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ARTS & ENTERTAINMENT

Concrete Playground Meets When Life Hands Me a Skateboard

If you had one chance to send a message to the world, what would that be?

By Penny Gault
August 11, 2014
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Concrete Playground Meets When Life Hands Me a Skateboard

If you had one chance to send a message to the world, what would that be?

By Penny Gault
August 11, 2014
  shares

Like many of us, Millie Lambess felt hopeless reading endless negative news stories. Unlike many of us, however, Millie came up with a way to do something about it. Millie has always wanted to use her involvement in the arts scene to create positive outcomes, but struggled to find the appropriate opportunities. So she took matters into her own hands, and came up with the idea of When Life Hands Me a Skateboard.

When Life Hands Me a Skateboard is a charitable organisation that brings together 50 artists (including renowned New Zealand street artists BMD) from around the world through one medium – a skateboard. Each artist will use a skateboard as their canvas, and respond to the question: 'if you had one chance to send a message to the world, what would that be?' The boards are to be auctioned off, with all proceeds going to the Make a Wish Foundation, whose mission is to grant the special wishes of children with life-threatening medical conditions to bring hope, strength and joy at a challenging time in their lives.

Concrete Playground met up with Millie to chat about her project while checking out the Wellington street art scene.

What do you aim to achieve with When Life Hands Me a Skateboard?

The aim of the game is to send blank skateboard decks to artists with the brief: 'if you had one chance to send a message to the world, what would that be?' They can interpret that however they like. There are artists from all disciplines, from students right through to professionals. They send it back to us once it's done, with a little paragraph explaining their message.

Then we plan to do an exhibition in Wellington, and auction the skateboards off, with 100% of the proceeds going to Make a Wish. The aim for the opening night is to have more of a community event, rather than an artist-y 'walk-in-have-a-look-and-walk-out'. Realistically it will probably be next year, but it's definitely in the works. We're looking at making it a yearly event – so it can potentially go further than just skateboards.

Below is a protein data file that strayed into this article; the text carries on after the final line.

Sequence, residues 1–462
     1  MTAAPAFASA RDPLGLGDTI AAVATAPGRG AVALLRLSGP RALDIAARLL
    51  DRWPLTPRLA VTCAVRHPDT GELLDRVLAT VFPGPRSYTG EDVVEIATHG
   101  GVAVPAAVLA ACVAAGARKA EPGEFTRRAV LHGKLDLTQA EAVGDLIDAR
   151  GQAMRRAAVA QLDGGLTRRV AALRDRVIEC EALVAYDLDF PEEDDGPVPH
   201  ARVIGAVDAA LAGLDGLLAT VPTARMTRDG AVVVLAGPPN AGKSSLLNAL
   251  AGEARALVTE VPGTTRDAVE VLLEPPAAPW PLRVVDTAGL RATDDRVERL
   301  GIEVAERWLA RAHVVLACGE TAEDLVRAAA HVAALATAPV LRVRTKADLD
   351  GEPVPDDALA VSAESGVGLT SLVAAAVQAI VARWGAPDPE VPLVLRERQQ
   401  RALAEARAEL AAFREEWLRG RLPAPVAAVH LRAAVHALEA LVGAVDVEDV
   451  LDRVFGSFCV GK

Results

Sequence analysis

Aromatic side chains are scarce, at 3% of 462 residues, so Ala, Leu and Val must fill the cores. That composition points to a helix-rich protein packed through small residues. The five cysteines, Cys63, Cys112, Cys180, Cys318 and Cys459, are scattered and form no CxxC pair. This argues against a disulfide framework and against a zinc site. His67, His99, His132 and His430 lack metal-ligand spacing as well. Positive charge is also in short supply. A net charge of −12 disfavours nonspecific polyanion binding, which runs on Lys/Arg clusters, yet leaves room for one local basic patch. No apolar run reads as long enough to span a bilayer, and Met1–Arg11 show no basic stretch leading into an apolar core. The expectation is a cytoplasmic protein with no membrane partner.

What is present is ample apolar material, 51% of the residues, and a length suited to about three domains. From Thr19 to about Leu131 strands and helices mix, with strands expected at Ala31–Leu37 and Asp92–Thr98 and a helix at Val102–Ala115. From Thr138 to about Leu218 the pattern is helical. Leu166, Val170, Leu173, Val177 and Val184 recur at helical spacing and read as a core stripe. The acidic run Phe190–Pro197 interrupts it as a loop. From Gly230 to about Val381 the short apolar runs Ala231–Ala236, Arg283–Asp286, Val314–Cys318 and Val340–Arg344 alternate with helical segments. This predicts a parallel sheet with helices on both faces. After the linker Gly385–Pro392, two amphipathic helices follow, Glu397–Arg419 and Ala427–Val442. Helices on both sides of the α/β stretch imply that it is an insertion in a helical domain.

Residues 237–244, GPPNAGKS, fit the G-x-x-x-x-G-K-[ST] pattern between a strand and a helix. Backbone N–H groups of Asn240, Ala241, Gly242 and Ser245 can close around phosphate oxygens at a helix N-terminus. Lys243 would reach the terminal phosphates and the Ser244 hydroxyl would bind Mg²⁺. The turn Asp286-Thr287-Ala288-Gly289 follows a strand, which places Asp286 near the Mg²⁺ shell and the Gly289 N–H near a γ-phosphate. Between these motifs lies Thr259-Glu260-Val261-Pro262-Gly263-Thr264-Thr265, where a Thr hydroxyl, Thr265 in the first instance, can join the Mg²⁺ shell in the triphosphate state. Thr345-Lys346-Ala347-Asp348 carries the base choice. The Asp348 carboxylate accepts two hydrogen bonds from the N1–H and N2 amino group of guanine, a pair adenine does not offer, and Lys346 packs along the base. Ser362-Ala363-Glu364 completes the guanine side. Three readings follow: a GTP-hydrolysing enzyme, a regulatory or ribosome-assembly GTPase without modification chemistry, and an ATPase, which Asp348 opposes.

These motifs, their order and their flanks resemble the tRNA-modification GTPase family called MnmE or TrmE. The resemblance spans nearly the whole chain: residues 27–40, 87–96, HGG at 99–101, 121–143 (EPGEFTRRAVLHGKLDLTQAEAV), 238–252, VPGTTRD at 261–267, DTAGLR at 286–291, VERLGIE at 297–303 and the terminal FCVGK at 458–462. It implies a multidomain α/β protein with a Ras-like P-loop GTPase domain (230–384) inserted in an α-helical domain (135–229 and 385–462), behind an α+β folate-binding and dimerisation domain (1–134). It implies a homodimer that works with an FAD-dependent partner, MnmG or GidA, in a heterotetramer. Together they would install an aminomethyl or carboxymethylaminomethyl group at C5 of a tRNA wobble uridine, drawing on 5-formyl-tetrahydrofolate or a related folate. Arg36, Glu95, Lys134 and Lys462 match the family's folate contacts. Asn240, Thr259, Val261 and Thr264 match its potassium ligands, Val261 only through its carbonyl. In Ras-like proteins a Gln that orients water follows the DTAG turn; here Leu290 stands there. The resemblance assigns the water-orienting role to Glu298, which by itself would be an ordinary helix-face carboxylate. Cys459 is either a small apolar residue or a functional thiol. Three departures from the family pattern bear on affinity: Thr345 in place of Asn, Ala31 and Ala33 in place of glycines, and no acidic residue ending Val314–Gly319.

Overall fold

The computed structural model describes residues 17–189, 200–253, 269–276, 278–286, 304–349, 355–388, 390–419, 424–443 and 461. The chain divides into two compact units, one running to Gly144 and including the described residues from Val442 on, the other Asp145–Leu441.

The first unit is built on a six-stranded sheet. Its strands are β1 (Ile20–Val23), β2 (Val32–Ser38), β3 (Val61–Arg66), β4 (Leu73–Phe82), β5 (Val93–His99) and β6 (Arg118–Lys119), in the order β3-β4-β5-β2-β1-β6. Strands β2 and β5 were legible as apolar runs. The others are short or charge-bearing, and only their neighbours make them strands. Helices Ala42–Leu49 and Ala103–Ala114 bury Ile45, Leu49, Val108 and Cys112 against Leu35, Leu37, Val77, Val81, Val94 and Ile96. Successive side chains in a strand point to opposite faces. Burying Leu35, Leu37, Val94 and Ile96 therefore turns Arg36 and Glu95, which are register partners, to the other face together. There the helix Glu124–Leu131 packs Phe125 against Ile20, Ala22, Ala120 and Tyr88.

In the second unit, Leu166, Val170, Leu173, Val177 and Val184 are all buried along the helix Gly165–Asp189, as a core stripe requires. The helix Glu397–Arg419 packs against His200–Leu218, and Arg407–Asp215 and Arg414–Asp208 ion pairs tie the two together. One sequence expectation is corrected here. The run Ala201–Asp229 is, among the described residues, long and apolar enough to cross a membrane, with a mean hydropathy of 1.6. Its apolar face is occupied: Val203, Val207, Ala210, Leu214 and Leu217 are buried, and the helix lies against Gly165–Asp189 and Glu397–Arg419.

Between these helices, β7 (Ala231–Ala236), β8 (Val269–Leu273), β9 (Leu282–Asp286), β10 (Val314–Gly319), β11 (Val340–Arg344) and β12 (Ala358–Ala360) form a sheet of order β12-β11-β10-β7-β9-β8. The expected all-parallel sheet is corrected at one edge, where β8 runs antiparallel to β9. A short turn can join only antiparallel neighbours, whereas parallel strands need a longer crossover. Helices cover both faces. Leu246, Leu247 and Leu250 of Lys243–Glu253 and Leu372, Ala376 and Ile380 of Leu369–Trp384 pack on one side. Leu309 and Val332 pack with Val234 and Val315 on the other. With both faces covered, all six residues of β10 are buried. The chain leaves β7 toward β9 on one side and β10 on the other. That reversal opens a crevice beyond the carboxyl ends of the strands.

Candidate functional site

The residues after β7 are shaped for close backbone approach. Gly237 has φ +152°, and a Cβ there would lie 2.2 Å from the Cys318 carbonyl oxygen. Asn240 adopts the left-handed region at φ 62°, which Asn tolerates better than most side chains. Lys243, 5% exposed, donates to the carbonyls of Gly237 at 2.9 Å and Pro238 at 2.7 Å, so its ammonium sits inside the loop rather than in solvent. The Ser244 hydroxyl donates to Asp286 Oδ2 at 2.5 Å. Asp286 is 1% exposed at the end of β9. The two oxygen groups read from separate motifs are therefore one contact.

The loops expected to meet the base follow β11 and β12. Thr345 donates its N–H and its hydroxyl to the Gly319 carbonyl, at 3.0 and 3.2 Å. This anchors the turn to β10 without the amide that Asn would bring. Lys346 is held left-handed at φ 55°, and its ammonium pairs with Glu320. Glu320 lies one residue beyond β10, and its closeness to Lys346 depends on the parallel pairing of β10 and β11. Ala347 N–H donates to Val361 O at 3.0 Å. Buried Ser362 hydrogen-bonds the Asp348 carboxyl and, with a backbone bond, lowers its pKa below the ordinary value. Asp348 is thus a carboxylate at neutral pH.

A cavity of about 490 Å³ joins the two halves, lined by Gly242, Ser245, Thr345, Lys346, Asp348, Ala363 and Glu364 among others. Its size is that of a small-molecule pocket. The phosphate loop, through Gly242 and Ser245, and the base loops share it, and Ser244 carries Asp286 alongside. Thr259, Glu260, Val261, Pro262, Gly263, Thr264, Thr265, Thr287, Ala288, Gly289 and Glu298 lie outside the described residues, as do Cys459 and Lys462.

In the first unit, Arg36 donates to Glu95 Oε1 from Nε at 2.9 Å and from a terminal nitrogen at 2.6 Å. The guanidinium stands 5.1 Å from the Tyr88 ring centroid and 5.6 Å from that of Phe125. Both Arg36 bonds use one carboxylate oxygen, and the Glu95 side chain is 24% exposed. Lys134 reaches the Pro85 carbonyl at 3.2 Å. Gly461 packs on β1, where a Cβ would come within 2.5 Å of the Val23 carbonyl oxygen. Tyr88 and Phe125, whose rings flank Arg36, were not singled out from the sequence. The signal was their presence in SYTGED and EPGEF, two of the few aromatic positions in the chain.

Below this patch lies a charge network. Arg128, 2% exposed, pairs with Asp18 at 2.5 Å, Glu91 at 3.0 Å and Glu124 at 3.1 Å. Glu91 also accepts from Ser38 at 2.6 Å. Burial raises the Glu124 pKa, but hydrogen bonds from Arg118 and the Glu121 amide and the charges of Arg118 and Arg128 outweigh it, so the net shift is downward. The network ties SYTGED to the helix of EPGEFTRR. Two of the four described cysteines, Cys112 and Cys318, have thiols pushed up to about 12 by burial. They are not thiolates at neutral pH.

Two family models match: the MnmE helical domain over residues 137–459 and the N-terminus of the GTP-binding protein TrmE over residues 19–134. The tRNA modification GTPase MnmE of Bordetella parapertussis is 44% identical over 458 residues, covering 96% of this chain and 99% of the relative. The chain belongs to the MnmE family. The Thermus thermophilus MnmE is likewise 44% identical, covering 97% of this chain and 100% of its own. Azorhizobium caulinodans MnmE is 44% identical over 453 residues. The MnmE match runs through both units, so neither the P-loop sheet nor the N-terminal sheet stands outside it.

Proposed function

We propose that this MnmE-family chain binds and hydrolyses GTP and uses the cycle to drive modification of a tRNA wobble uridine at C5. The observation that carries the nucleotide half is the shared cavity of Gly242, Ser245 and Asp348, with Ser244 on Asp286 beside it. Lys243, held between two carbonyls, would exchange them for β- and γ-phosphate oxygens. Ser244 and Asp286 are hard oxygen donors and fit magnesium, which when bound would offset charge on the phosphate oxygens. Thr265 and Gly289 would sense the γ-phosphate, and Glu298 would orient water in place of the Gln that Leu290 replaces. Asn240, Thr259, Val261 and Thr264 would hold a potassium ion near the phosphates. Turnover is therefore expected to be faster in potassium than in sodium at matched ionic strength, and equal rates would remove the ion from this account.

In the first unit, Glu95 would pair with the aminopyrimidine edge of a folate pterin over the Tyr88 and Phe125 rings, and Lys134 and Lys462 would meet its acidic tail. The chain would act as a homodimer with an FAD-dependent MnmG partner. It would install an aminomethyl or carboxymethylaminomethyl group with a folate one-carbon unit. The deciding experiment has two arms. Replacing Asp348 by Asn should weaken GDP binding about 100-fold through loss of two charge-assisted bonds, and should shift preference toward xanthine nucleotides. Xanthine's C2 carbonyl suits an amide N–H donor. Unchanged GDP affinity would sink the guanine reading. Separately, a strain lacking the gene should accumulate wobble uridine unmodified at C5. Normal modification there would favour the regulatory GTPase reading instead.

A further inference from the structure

How did it all begin?

It was one night. I was reading the news – reading about all the crap that was going on and I got into one of those phases, like, 'what can I do?' I've always wanted to do something positive in the arts scene, but I've never been presented the opportunity through other people before. I was trying to think of ways to do it myself and also make opportunities for other artists. I had the idea that, since I'd always been into skateboards, I could try to bring people together through art and skateboards. I started thinking about it more and the idea popped into my head to do an exhibition. I let that fizzle for a few days.

I wrote it all down in an email and started sending it out to artists. I emailed at least 100 artists. A few people started replying, and then heaps of people started replying and I was like 'Oh shit, people actually like the idea!' People started saying yes and getting real into it – more than I thought! The artists were passionate about it all and so I decided I actually better give it a crack! They were all so keen to help.

How did you get your idea off the ground?

It was all totally new to me – a new scene that I was trying to understand. I went to private skateboarding companies, and a couple of them said that they'd provide the boards.

The Butcher Shop in Australia have provided boards for the ten Australian artists. Ultimate Boards has provided 30 boards for the New Zealand artists. Powell-Peralta in America said yes and I thought 'sweet as'. Then I was talking to some mates that are hard out into skating and they told me Stacy Peralta is the guy from Lords of Dogtown (the one with long blonde hair)! To have that kind of backing really pushed me to carry on.

Has When Life Hands Me a Skateboard been involved in other projects?

I've done a Make A Wish already…that was the first time I saw an outcome after working on this for about a year.

12-year-old Sean, who lives in the Waikato and has a rare condition called Polyendocrine Type 4, which affects the autoimmune system, wished for his own skate ramp. Make A Wish came to me saying 'his skateboard's just been stolen, can you do anything?' We had about a month until the big reveal of the skate ramp. I got in touch with Ultimate Boards and they sent out a board which Mica Still worked on. Ultimate Boards came up and we went to visit Sean. We brought Levi Hawking (of 'nek minnit' fame) with us to teach him some tricks.

So what's next?

At this stage we're pretty much ready to go, but we're just working on the funding for postage, which is the main cost. We want the final auction to be accessible online internationally so we've had to budget for sending the boards overseas to the winners as well. At this stage we're just working on getting sponsorship.

When Life Hands Me a Skateboard is auctioning a longboard (17x75cm) made by The Paper Rain Project on August 20, 2014. All proceeds from the auction will go towards expenses for the project. The board is hand-shaped from a Marlborough pinot noir barrel, gripped with crushed recycled glass, with laser cut images. Check out When Life Hands Me a Skateboard's Facebook page for a link to the TradeMe auction.

"It became a lot bigger than I originally thought it would, just coming from me being annoyed at the world."

Published on August 11, 2014 by Penny Gault

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